For Stubby to re-send outgoing DNS queries over TLS the recursive resolvers configured on your machine must be changed to send all the local queries over to the loopback interface on which getdns Stubby is listening. This depends on the operating system being run. It is useful to note your existing default nameservers before making this change!

Linux/Unix systems

  • Edit the /etc/resolv.conf file
  • Comment out the existing nameserver entries
  • Add the following (only add the IPv4 address if you don't have IPv6)

    Code Block
    nameserver ::1


From the command line you can do the following to set the local DNS servers on, for example, your 'Wi-Fi' interface (first line clears all servers, second line adds localhost):

Code Block
sudo networksetup -setdnsservers Wi-Fi Empty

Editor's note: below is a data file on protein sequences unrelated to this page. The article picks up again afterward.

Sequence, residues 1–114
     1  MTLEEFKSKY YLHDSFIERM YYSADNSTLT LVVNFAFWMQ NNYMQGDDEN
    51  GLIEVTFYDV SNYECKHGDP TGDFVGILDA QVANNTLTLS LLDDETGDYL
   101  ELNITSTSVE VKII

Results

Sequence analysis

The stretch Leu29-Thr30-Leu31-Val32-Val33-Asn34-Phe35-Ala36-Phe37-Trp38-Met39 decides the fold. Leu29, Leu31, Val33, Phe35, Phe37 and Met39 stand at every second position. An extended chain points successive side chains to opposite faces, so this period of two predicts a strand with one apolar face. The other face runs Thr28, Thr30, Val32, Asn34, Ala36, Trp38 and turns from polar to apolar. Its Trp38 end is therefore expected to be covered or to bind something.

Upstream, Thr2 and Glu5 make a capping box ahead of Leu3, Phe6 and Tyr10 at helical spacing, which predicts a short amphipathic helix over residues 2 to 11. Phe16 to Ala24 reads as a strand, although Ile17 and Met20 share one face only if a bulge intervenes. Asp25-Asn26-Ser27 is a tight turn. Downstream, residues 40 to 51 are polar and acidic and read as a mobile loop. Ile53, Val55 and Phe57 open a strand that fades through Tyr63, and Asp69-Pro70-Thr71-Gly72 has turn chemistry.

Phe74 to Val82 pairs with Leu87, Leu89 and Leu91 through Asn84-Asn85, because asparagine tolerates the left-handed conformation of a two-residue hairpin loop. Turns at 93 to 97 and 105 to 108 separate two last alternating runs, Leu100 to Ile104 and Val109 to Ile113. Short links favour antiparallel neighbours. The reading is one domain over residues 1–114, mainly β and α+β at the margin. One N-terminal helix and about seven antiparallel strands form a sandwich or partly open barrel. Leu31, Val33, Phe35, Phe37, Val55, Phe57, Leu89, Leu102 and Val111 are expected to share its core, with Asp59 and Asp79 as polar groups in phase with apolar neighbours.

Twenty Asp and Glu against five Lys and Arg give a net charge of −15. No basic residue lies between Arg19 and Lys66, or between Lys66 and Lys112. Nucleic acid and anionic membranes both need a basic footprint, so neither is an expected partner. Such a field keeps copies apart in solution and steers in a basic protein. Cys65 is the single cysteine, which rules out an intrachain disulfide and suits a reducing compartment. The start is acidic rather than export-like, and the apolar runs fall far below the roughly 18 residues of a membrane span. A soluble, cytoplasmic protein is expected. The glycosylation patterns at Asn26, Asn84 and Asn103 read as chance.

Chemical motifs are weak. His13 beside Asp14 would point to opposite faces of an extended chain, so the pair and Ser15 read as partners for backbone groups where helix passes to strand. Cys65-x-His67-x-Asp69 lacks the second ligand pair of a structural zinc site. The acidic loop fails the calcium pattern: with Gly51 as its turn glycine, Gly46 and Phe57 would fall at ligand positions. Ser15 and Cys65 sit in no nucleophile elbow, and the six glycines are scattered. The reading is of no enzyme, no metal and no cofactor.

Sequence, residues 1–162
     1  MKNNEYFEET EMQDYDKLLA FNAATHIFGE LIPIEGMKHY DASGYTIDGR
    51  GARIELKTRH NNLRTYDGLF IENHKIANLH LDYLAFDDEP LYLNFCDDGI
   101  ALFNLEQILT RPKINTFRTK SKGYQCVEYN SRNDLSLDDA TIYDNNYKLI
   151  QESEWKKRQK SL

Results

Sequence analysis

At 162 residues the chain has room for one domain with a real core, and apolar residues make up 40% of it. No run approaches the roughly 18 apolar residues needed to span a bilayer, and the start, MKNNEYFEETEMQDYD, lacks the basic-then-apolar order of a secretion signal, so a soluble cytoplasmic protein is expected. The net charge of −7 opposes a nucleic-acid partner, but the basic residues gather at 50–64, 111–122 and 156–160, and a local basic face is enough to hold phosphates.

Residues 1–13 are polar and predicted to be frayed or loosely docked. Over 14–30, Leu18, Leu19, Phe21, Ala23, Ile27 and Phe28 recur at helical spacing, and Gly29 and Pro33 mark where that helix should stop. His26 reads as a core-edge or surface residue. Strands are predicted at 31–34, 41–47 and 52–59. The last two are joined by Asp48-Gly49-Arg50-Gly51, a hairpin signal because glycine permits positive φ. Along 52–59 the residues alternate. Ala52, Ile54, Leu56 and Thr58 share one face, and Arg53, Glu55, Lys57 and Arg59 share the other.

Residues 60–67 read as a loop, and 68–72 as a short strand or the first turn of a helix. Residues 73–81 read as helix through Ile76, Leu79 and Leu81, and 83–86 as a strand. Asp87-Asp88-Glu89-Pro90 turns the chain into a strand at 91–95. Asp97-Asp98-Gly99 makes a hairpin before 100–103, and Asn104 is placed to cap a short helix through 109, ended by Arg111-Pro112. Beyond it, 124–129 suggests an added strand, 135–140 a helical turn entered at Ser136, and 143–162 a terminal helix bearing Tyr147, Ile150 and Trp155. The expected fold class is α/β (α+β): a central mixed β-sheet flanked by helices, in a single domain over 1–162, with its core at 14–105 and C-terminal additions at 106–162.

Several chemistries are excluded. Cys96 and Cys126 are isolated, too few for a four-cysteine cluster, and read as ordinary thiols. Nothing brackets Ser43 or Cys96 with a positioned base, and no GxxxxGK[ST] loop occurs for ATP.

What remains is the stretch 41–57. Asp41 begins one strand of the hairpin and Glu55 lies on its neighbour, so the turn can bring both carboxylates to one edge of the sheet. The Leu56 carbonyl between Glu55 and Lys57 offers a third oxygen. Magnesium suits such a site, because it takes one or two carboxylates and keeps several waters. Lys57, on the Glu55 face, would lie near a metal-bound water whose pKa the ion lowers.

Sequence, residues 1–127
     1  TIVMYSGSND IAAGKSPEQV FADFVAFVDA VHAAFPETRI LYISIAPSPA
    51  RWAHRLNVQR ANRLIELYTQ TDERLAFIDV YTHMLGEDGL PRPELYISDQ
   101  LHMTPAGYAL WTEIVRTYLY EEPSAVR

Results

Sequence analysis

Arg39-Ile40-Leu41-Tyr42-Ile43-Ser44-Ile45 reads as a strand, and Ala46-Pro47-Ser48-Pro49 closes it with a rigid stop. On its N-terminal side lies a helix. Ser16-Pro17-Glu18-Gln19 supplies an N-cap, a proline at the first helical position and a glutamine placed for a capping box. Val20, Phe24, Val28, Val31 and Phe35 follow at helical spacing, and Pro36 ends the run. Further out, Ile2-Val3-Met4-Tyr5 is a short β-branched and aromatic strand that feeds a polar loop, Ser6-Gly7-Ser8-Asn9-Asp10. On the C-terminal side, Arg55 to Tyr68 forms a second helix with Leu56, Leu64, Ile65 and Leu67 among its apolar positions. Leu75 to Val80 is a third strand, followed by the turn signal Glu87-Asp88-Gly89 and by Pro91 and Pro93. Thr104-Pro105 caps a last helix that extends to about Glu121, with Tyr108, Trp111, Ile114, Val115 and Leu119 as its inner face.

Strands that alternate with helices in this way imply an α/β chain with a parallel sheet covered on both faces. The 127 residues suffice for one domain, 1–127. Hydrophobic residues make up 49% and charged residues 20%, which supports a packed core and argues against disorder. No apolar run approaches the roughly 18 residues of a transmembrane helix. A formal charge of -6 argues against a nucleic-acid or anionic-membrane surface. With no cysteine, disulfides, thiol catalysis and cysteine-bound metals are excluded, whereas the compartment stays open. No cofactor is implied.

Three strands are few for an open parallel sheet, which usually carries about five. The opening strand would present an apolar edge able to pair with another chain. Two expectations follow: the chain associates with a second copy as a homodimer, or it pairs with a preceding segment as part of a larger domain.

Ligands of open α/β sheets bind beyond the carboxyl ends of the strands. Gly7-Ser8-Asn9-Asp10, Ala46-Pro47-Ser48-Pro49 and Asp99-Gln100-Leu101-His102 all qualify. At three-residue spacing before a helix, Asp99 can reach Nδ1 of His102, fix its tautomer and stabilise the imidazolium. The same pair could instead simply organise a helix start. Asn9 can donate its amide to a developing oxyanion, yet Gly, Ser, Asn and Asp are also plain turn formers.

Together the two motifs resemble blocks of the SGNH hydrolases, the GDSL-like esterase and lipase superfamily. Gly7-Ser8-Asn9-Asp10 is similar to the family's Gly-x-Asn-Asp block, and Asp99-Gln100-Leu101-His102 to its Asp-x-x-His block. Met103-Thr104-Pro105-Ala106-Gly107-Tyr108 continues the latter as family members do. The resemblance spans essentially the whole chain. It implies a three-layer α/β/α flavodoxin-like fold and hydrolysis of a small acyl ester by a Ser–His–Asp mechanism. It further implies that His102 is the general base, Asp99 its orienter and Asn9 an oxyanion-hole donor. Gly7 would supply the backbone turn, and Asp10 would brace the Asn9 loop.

sudo networksetup -setdnsservers Wi-Fi ::1

If you want to reset, use something similar to the above to specify your default servers.


Or via the GUI:

  • Open System Preferences->Network->Advanced->DNS
  • Use the '-' button to remove the existing nameservers
  • Use the + button to add '' and '::1' (only add the IPv4 address if you don't have IPv6)
  • Hit 'OK' in the DNS pane and then 'Apply' on the Network pane

Once the change in step 1.6 is made your queries will be re-directed to the getdns daemon and sent over TLS! You can monitor the traffic using Wireshark watching on port 853.


  • You may need to restart some applications to have them pick up the network settings
  • If you are using a DNS Privacy server that does not support concurrent processing of TLS queries, you may experience some issues due to timeouts causing subsequent queries on the same connection to fail.
  • The daemon Stubby currently (indefinitely) backs-off for 1 hour from using servers that provide poor service - the next version will have a timed re-try in this case.make this time configurable. Or this can be reset by restarting Stubby.